A Choice Between Love and Hate


Against the backdrop of this fall’s divisive presidential election, Fordham Law Professors Russell Pearce and Olivier Sylvain joined leading religion and public policy thinkers at an event discussing how American citizens can recognize and respect each other’s shared humanity in spite of partisan differences.

Pearce, the Edward & Marilyn Bellet Chair in Legal Ethics, Morality, and Religion, highlighted ways that lawyers can facilitate positive conversations with clients that promote mutual and societal interests. Sylvain, an information law expert, provided an overview of the positive and negative effects of our shared online network.

The professors shared their insights during a September 19 event titled “Dialogue Across Difference in a Polarized America: Should Americans Confront Public Disputes with Relationship or Hate.” Fordham Law School’s Institute on Religion, Law, and Lawyer’s Work and Fordham University’s Department of Theology co-sponsored the event.

Fordham University Professor Marcia Pally’s latest book, Commonwealth and Covenant: Economics, Politics, and Theologies of Relationality, served as the intellectual impetus for the evening’s discussion.

Lawyers are, at their core, civic teachers who educate the public on their rights and responsibilities in accordance with the law, Pearce explained. However, in recent decades, their assumed role of shepherding the public good has transformed into one where the driving motivation of some in the profession is what they can get away with.

“Lawyers have helped create this mess, and we have a responsibility, therefore, to clean it up,” Pearce said of the current public discord.

The polarization that exists between supporters of Democratic presidential nominee Hillary Clinton and her Republican counterpart Donald Trump inevitably leads to demonization of the other side, Pearce added. In this environment, it is easy to move from hating one’s idea to hating the person who has or supports the idea, and to view them as that idea rather than a human being, he explained.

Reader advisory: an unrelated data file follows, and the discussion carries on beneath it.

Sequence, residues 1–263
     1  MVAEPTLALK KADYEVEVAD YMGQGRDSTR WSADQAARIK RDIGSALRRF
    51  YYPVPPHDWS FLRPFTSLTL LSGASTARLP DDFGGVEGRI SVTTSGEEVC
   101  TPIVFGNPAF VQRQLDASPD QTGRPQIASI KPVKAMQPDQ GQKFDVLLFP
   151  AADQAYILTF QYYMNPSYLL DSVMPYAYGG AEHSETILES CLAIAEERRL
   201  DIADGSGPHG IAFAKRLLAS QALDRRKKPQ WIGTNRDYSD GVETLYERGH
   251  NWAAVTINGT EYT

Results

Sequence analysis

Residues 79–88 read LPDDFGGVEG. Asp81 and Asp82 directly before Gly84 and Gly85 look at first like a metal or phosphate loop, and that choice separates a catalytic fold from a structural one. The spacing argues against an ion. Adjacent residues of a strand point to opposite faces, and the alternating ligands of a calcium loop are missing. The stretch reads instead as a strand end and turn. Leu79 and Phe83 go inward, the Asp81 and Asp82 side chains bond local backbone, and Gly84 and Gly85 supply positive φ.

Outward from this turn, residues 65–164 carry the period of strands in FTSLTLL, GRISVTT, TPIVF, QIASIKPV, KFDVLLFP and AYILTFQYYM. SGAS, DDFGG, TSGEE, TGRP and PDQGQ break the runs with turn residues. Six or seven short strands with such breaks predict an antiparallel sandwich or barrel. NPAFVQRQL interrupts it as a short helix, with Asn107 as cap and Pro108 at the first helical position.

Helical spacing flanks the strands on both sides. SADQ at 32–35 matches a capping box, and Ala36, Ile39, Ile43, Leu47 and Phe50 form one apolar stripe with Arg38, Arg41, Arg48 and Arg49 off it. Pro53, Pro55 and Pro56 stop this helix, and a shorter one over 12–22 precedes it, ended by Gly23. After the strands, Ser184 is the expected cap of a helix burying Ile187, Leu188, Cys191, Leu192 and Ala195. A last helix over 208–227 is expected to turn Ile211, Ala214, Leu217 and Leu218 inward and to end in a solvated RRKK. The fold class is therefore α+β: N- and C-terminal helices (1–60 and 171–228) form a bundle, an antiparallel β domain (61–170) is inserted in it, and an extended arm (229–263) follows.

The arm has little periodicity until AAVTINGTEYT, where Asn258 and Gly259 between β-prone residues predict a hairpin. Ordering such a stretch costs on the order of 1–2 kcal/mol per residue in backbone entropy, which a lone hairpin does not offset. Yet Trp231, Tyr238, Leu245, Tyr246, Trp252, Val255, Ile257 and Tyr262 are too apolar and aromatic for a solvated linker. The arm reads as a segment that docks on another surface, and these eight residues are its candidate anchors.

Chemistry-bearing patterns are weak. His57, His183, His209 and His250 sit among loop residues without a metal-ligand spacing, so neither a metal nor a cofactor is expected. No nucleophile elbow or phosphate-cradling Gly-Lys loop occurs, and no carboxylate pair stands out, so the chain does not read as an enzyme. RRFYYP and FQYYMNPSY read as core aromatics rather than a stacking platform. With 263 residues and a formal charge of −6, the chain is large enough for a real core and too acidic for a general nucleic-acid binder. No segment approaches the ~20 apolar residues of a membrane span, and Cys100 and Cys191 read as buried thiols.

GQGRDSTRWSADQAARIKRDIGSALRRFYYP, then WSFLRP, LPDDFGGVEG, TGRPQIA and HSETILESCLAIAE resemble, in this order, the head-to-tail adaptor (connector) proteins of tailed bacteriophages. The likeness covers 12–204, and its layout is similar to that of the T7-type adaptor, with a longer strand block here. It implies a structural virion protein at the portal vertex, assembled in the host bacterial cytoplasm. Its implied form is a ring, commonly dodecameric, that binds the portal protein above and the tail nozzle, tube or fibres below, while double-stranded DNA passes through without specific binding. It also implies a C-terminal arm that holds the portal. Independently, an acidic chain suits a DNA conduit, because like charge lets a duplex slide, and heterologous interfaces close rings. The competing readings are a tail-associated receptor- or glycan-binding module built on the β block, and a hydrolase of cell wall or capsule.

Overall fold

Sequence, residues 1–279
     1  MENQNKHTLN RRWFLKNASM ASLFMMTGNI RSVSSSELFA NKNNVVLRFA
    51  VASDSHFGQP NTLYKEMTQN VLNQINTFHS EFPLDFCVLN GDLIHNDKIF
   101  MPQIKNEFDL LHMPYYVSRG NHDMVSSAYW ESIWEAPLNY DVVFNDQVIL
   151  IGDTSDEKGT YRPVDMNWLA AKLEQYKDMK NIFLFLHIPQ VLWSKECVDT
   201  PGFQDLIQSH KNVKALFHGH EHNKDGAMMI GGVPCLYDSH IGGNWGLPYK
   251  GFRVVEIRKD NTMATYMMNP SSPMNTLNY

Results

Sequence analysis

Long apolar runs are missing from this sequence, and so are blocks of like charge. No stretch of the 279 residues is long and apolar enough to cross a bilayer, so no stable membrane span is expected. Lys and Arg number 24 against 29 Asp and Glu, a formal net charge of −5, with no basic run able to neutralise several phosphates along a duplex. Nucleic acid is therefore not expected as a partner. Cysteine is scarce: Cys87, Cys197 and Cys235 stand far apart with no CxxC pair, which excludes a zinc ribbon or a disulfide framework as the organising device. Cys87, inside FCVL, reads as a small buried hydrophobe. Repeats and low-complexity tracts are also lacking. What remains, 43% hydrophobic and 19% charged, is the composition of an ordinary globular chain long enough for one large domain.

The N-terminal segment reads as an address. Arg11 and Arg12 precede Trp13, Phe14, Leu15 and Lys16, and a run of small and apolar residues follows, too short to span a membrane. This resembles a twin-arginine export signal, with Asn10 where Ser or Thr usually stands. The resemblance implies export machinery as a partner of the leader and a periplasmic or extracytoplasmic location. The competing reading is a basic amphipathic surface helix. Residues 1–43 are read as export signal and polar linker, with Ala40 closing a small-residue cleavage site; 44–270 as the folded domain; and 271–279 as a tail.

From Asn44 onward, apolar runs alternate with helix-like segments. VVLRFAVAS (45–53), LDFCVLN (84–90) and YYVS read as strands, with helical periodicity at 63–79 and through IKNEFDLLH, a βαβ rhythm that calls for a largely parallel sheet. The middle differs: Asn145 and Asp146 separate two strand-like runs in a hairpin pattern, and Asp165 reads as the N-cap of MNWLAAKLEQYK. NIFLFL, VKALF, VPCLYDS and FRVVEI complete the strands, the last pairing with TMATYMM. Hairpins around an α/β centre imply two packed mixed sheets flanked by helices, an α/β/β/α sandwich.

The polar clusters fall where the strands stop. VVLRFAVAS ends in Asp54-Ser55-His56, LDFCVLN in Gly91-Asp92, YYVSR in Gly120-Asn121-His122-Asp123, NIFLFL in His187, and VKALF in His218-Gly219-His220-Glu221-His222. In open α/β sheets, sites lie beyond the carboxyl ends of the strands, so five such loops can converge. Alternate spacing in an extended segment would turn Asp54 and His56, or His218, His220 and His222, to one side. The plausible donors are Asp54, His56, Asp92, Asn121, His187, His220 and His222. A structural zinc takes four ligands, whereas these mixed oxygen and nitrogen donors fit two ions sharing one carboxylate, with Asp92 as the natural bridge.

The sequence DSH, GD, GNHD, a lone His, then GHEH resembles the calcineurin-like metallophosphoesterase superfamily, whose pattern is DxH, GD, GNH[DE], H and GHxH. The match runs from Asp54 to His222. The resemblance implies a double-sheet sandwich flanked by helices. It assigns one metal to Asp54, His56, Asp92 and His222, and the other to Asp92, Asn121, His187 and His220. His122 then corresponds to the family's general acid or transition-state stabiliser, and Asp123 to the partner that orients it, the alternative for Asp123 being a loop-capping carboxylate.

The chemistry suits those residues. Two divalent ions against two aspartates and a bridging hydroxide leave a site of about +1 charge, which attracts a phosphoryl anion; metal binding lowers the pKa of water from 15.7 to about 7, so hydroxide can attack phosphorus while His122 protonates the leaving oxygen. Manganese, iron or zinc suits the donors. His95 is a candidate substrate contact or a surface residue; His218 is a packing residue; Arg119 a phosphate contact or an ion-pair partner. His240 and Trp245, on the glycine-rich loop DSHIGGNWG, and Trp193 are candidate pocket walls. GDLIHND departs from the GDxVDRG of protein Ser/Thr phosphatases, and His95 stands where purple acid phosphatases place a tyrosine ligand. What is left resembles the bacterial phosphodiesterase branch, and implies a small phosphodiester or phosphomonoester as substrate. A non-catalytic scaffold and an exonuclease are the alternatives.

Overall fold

Lawyers, in contrast, must make renewed efforts to view their clients in a relational context in order to find greater satisfaction and success in their work. Pearce, a nationally renowned legal ethics scholar, co-authored a 2014 paper on the topic titled “What’s Love Got to Do with Lawyers? Thoughts on Relationality, Love, and Lawyers’ Work.”

“Even rainmakers of law firms who might worship at the idol of the market will be open to some of this conversation because they realize their success is based on relationships,” Pearce said.

Whereas other panelists weighed the import of Pally’s scholarship through a theological lens, Sylvain addressed its conclusions as they relate to technology’s impact on our daily discourse.

“There’s a heated question about what the concept of human nature is in the context of a networked world,” Sylvain said. “Is it bringing us together or tearing us apart?”

The answer, Sylvain noted, comes in bits and pieces, as the law struggles to balance, for instance, protecting historically disadvantaged people from cyberbullying while providing social media platforms a certain degree of immunity, so as not to hamper innovation. Recent revelations that users of the housing rental platform Airbnb discriminated based on race also raise doubts about the abilities of new technologies to overcome deeply embedded bias.

“Indeed the networks reveal we have much more in common than is different, but it doesn’t erase our difference,” Sylvain said. “To the contrary, it sometimes seems to exaggerate and proliferate difference in ways that perpetuate disadvantage.”

In addition to Pearce and Sylvain, other panelists included Fordham University Professor Aristotle Papanikolaou, co-director of the Orthodox Christian Studies Center; Harvard University Professor Harvey Cox; and Georgetown University Professor and Washington Post columnist E.J. Dionne. New York Law School Professor Nadine Strossen moderated.


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